Officer Dave?! the reverend calls in alarm. The officer lands on his side, a wholly unnatural and strange position, one arm pinned beneath him and the other hand still gripping his chest as if trying to find a handle there, something to switch it back on. The reverend gently rolls the officer onto his back.

More wrinkles have gathered on Officer Dave’s forehead than Jeremiah has ever seen on a white person. The cop seems to be holding his breath, his face red, his entire body clenched like the fist that can’t find a handle for his heart.

Officer Dave, can you speak? The reverend is panicked and only later will Jeremiah wonder if he’s seen this sort of thing before, because surely preachers visit many a deathbed but how many times do they see the hand of God strike so clearly and violently?

The officer lifts his head a bit off the ground, like he’s trying so hard to reply that his entire body moves even if his tongue won’t, and then his head hits the ground and he unclenches.

Oh Lord! Oh Lord! The preacher is as still as the cop for a moment, and then he reaches for the white man’s wrists, checking for a pulse. You hang on there, Officer Dave, you hang on! From here Jeremiah can’t see the preacher’s face as he intones with the sudden clarity of his profession, Lord Jesus, please spare this man. Please let him see his family again, Lord.

Jeremiah wonders if the reverend knows that the Lord has received wildly conflicting prayers from this very spot, within seconds.

Did You do this, Lord? Did I?

The reverend stands, looking first at the squad car and then at Jeremiah and then back at the fallen man. We gotta . . . We gotta get him to a hospital. Help me get him in!

Getting Officer Dave into the pickup is difficult, as they are both wary—or Jeremiah certainly is, at least—of touching a white man, especially a defenseless one. They carefully lift him from either side, almost like pallbearers, and part carry, part drag him, his shoes etching long trails in the gravel. They manage to sit him in the passenger seat, and after Jeremiah closes the door, the cop’s head leans onto the glass, looking uncomfortable and perhaps dead already, but the reverend insists he’s alive yet.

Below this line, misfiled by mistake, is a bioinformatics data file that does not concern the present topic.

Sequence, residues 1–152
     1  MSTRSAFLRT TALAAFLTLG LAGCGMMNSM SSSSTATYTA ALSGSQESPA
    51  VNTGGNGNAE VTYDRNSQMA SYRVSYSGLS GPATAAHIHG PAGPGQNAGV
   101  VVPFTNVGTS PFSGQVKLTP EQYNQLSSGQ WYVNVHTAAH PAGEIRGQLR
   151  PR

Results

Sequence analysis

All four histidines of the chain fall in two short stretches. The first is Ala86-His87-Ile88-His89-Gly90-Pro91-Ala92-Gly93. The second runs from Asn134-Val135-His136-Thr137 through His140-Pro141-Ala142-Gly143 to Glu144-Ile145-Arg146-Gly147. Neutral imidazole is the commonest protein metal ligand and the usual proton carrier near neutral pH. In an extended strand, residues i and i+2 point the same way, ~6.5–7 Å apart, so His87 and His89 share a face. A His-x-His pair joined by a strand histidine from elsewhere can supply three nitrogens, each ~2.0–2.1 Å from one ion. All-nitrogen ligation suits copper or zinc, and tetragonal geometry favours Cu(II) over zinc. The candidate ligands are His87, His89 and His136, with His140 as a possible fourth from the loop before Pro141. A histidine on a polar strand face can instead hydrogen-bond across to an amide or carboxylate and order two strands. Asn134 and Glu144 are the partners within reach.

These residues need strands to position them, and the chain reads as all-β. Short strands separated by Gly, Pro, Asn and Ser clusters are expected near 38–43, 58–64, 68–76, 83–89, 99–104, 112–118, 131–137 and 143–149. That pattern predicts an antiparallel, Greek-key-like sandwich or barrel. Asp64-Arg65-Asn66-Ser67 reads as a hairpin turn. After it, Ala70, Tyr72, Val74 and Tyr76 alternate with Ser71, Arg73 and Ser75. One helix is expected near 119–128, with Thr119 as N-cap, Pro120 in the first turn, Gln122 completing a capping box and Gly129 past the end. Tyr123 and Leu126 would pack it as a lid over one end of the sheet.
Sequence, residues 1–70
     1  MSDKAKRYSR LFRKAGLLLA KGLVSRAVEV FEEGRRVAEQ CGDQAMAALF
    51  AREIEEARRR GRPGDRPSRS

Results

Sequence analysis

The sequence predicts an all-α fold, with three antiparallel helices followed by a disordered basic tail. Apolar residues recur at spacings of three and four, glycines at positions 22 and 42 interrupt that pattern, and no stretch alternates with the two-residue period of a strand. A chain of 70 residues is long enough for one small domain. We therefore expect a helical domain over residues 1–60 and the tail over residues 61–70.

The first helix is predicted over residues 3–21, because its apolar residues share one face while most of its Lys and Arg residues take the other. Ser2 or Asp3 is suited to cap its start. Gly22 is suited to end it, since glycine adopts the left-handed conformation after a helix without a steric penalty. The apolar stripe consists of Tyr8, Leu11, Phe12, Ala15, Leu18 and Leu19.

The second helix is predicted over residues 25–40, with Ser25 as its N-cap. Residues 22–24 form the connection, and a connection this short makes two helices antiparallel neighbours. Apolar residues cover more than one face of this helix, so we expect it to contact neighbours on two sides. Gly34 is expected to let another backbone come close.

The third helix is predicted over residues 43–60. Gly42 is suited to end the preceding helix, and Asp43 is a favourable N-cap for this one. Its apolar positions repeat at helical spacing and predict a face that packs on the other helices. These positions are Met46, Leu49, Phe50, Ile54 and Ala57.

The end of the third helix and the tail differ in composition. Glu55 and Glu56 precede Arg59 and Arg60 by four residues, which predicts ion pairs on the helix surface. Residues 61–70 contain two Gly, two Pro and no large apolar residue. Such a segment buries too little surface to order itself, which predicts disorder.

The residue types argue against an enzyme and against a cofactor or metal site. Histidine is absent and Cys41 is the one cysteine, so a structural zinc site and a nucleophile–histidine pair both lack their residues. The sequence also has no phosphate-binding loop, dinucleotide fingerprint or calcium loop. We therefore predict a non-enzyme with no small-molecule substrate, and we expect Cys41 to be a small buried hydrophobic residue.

Jeremiah picks up the man’s hat, which had fallen off, and he holds it in his lap as he hops into the back of the truck. The sun shines hot on Jeremiah’s skin as the reverend hits the gas and they speed off, leaving the squad car and grocery behind like a tiny island of civilization in the midst of God’s wilderness. The wind is too loud as they speed along and Jeremiah is left with his thoughts, his shockingly answered prayers, his profound confusion.

Did You light a fire for me and kill innocents, Lord? Have You struck down this man as well? For what have You marked me? What is in store?

He stares at the cop’s hat, upside down in his hands now, sees the sweat stain and feels the dampness there, and he holds it to his nose and breathes in, taking the scent of the woodsmoke and holding it in his chest.

They reach a town and the reverend drives through a stop sign while honking his horn. The truck pulls into a circular drive beside a white building that back in Atlanta would have been considered small but here it’s the county hospital.

A thin white man in a blue smock is waving his arms in the universal symbol of do not proceed which Jeremiah knows so well from his time working the rail yards but the reverend proceeds nonetheless, pulling up right in front of this outraged white man.

We don’t take coloreds here!

I got a white man that’s sick! A policeman!

The white doctor or orderly looks through the window now, and though Officer Dave’s mussed and sweaty hair against the window hardly looks official, he can see the uniform shirt and the badge and now the white man realizes this is a serious matter. He looks back at the reverend, then at Jeremiah in back, as if searching for weapons or signs of blood.

What happened?